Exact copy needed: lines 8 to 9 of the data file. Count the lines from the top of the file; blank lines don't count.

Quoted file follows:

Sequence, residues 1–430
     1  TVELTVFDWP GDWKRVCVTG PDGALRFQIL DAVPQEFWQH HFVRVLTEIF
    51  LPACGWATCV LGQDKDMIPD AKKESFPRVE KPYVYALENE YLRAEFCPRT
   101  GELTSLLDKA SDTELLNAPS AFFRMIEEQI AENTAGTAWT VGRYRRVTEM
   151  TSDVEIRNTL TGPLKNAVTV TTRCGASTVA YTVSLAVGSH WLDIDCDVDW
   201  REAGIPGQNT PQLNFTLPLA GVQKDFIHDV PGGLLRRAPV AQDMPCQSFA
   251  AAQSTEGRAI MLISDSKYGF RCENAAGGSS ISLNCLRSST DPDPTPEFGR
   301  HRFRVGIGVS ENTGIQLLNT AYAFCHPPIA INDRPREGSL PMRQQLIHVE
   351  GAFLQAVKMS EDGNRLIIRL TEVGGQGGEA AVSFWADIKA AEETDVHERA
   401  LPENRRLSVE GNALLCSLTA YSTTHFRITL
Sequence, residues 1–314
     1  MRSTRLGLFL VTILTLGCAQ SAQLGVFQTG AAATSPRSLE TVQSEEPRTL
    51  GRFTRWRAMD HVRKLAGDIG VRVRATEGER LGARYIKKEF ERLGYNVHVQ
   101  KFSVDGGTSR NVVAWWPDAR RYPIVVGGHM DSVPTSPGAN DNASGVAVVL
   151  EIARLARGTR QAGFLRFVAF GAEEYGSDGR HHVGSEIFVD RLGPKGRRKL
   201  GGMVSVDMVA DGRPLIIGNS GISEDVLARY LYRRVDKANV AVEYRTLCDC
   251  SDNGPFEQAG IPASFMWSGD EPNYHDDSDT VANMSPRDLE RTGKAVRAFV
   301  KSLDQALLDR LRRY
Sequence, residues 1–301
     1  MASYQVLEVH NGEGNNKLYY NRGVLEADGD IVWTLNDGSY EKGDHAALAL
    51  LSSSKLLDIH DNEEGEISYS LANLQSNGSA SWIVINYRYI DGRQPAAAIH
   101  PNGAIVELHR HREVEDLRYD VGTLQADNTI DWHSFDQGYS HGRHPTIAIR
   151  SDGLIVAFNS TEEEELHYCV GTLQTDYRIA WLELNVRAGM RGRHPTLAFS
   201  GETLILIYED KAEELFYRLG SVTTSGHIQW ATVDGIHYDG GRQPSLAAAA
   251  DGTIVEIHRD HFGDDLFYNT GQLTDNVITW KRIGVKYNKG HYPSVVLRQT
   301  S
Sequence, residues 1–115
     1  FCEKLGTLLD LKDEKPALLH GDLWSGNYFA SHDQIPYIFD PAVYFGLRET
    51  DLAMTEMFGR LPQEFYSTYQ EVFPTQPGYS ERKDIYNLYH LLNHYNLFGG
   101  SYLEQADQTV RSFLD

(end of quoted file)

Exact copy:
   301  HRFRVGIGVS ENTGIQLLNT AYAFCHPPIA INDRPREGSL PMRQQLIHVE
   351  GAFLQAVKMS EDGNRLIIRL TEVGGQGGEA AVSFWADIKA AEETDVHERA